I have not bred Betta this yr. I had a major problem with my females over the winter. I lost all of them...2 to Dropys, and one from unknown reasons. I have yet to find any that "I just can't resist". I have just gotten the GS, and keep the 3 adult I have left with a male VT Betta. He does not bother them at all...as matter of fact when I fed this morning, he was just hanging out with them (so funny to watch). I have not decided if I want to experiment and keep GS with a nesting male or not. I'd be afraid the GS would actively hunt the fry before they become free swimming. I don't like the idea of "culling" the fry myself, so I have thought about adding the GS to let "nature" cull, kinda like the way you did. That way only the healthiest survive.

Addition:

With only 1 breeding pair, it will take about 4 weeks for the female to develope more eggs (or at least that was my experience). I have read somewhere that a breeder kept a breeding pair together all the time, and let them "free spawn" (when ever THEY were ready), and this male had several different spawns in the same nest. If the male is passive, then it should be ok to leave the female in the tank with him, and like you said you can always remove her if he gets too aggressive. Betta spawning is aggressive, so expect the female to get beat up a little.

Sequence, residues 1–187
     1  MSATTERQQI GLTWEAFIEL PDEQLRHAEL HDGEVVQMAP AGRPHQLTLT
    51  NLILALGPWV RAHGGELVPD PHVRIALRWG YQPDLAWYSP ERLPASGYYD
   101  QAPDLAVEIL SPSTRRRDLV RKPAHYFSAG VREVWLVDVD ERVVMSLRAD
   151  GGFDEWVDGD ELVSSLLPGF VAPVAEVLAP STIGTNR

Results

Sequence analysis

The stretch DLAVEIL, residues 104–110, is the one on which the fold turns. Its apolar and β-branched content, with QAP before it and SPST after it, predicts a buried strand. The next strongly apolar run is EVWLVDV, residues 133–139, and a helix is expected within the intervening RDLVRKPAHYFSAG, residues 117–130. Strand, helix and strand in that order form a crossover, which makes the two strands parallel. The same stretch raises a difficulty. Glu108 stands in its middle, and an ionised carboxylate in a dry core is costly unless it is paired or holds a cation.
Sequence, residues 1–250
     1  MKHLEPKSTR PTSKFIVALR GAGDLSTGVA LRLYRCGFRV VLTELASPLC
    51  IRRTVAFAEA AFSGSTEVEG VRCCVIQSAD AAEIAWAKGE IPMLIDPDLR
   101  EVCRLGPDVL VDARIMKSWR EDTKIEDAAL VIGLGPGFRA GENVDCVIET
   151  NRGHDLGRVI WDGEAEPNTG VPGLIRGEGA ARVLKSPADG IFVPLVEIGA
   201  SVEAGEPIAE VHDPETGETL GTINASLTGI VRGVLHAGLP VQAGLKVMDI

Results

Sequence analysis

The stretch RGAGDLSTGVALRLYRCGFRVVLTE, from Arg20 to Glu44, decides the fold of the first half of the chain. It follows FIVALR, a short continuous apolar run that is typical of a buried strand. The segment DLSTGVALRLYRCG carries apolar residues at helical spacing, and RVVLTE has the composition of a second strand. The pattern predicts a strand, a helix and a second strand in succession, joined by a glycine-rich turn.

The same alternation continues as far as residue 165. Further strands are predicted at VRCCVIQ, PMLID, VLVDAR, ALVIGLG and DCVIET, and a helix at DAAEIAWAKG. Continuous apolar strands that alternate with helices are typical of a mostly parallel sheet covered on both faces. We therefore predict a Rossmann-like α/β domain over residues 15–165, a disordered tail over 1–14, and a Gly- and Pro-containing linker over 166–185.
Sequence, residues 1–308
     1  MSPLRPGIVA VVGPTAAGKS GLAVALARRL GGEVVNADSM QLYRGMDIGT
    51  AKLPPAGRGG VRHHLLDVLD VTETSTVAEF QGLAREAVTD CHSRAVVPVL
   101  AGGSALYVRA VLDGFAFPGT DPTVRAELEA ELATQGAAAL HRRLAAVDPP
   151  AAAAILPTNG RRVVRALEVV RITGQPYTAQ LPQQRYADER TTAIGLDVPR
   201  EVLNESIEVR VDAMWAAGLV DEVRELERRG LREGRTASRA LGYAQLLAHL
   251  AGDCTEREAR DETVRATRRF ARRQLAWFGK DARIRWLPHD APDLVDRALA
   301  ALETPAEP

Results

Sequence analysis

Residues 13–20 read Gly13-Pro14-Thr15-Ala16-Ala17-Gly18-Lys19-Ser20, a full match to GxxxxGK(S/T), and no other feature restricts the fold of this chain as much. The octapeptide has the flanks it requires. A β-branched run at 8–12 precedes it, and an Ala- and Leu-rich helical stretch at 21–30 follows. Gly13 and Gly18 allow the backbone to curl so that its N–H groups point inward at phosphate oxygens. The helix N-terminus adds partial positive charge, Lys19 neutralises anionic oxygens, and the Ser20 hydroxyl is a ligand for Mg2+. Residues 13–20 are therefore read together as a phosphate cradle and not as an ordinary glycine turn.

Good luck!
 

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Discussion Starter · #12 ·
Thanks again for the tips. This male doesn't seem too aggressive. A slight tailfin tear on the female from spawning, but right now she's checking him out pretty close and he's not getting excited. Meanwhile, he has slid his eggs behind the heater and filter spraybar. He's not exactly being the showpiece I expected, but he seems pretty dedicated. :)

It might be nice to have a few of the toughest fry make it. I can't dedicate more tanks to males though, so they had best be girls!
 

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I HAVE heard reports of a few males be able to live together IF (and only if) they are raised together from fry and are never ever ever ever ever seperated. ever. like, seriously, ever. one gets sick, they all gotta be treated in the same tank.

Never tried it... but I heard of someone who did.
 

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I HAVE heard reports of a few males be able to live together IF (and only if) they are raised together from fry and are never ever ever ever ever seperated. ever. like, seriously, ever. one gets sick, they all gotta be treated in the same tank.

Never tried it... but I heard of someone who did.